The Senate can’t manage to wrangle a deal on the debt ceiling. The Senate can’t manage to wrangle a deal on the fiscal cliff.
The Senate can manage to extend domestic warrantless surveillance until 2017, though. Bipartisan vote. 73 yeas! The Congressional website is always late to the party, and nobody who reports on these things ever actually provides you a list of who voted how because our political reporting is almost as bad as our science reporting… but I’ll update this post when I get a real voting record.
In May 2012, Senators Ron Wyden (D-OR) and Mark Udall (D-CO) sent a letter to the National Security Agency asking for an estimate on just how many Americans have been targeted since the FAA went on the books. In response, Inspector General I. Charles McCullough replied that honoring their request would be “beyond the capacity” of the office, and that “dedicating sufficient additional resources would likely impede the NSA’s mission.”
“All that Senator Udall and I are asking for is a ballpark estimate of how many Americans have been monitored under this law, and it is disappointing that the Inspectors General cannot provide it,” Sen. Wyden told Wired’s Danger Room back in June. “If no one will even estimate how many Americans have had their communications collected under this law then it is all the more important that Congress act to close the ‘back door searches’ loophole, to keep the government from searching for Americans’ phone calls and emails without a warrant.”
The reason they can’t provide an estimate, Senator Wyden, is because they’re collecting basically all of it. Computers are pre-sorting the vast majority of it, but the rules that do the sorting are written by humans, and they aren’t encoded as, “Only separate out the stuff that terrorists write”, because you can’t program that way unless you know who the terrorist are… and of course, you don’t. Instead, they’re very likely encoded using the same sort of rules-based presorting and Baysian programming that operates your spam filter.
The problem with that, of course, is that we don’t have a really large corpus of “terrorist communications”, the way we have gobs and gobs of samples of email spam (seriously, ask me sometimes how much spam our mail cluster rejects). So it’s more than fairly certain that at some point, any email that you wrote that contained the right set of words… wound up flagged and marked and stored. Since you (for most “you”) isn’t likely to be a terrorist, it’s just sitting on a disk, somewhere. That somewhere will likely soon be here. It will be there probably for quite some time.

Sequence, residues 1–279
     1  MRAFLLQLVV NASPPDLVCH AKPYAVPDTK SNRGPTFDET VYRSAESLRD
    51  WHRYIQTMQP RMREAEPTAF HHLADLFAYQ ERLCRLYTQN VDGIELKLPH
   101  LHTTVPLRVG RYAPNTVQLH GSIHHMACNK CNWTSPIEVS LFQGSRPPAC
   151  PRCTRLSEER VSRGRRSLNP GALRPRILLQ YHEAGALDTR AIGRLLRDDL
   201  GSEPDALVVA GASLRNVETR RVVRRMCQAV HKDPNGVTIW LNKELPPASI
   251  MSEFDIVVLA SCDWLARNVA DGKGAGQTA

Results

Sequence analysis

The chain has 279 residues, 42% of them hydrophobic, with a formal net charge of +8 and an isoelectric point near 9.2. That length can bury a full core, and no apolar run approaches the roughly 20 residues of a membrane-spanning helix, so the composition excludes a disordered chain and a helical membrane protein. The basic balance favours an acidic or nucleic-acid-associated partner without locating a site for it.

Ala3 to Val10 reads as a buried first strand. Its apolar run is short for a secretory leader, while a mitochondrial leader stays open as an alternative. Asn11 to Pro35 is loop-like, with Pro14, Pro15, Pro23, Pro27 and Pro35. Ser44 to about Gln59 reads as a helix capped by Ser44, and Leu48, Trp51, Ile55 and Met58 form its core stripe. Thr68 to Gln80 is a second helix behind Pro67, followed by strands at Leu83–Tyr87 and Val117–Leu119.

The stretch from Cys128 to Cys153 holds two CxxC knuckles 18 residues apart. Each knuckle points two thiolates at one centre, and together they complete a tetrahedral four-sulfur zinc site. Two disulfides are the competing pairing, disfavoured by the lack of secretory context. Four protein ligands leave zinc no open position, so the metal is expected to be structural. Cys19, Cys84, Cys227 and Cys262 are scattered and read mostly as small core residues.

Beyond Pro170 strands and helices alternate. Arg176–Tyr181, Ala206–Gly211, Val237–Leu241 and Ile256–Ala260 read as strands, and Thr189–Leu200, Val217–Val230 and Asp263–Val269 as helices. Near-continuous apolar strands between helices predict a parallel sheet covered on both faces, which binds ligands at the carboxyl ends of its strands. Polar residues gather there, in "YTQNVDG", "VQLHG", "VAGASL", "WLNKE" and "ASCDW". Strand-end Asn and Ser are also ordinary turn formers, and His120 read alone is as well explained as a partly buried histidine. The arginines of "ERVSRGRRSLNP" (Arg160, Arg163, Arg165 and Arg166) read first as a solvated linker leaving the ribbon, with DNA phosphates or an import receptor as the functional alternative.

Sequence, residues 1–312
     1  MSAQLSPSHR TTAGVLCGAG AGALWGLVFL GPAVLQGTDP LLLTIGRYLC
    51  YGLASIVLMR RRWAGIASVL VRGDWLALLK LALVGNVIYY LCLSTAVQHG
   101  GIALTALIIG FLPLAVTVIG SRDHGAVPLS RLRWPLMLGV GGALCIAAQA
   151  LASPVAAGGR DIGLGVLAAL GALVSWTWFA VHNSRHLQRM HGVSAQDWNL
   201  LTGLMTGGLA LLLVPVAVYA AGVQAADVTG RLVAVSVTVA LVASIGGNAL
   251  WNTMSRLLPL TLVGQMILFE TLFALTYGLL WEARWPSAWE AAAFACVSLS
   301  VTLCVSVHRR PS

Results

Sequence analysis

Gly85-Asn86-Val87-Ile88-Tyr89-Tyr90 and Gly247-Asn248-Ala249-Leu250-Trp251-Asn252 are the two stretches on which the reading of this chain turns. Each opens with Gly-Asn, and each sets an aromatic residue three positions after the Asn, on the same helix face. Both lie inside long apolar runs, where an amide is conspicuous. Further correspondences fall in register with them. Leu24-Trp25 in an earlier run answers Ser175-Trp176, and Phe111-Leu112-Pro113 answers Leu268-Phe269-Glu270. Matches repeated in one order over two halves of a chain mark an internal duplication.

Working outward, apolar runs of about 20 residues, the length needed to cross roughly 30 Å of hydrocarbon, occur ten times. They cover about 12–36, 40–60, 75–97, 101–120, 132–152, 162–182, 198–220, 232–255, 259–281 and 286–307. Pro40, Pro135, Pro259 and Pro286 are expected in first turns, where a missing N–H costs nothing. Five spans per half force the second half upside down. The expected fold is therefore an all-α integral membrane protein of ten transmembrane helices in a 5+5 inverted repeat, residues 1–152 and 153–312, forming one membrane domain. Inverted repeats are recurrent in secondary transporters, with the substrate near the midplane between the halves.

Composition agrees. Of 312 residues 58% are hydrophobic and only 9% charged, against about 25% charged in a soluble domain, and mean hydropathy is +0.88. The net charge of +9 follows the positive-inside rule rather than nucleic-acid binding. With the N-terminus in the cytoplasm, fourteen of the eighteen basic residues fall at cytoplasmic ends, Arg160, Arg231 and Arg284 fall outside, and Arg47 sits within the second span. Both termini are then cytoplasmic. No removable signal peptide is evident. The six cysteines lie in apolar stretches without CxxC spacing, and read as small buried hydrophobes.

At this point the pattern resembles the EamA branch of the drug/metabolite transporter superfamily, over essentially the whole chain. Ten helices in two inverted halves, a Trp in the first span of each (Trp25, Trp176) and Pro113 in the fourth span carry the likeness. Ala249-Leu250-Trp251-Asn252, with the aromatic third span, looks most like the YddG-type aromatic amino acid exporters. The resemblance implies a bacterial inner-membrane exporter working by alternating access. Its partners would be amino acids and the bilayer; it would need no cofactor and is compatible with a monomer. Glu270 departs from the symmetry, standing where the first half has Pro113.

Probably nobody will ever look at it. But it’s there, a piece of cherry-picked “evidence”, using the most egregiously bad form of cherry-picking… picking something that looks like it could be suspicious.
On Thursday this week, Sen. Wyden echoed his concerns from earlier this year by warning that the threat to the Americans’ privacy “has been real and it is not hypothetical.” (ed. note: link not in the original story)
The law should not be “an ‘end run’ around traditional warrant requirements and conduct backdoor searches for American’s communications,” he urged.
Even though Sen. Wyden sits on the Senate Select Committee on Intelligence, he says he has been told next to nothing about how FISA is used to target Americans. During Thursday’s debate, though, the committee’s chairperson, Sen. Dianne Feinstein (D-California), rebuffed Wyden’s concerns.
I’ve already informed the senior senator for California that she can not expect my vote nor my money, quite a long time ago actually (beating on this story was a routine topic over at my old blog). Withdrawing my support for the Democrats as currently incarnated apparently had little effect, imagine my overwhelming surprise. (edited to add) Salon’s take here, some good background links in that piece. (/edited)
I encourage everyone who reads this blog to check their senator’s voting record on this long and drawn out political drama. I also encourage you to stop voting for those who have approved this legislation and its various incarnations over the last decade.
Just stop passively agreeing to let your country dragnet the entire Internet out of its collective paranoia about terrorism.
It feels so good when you stop.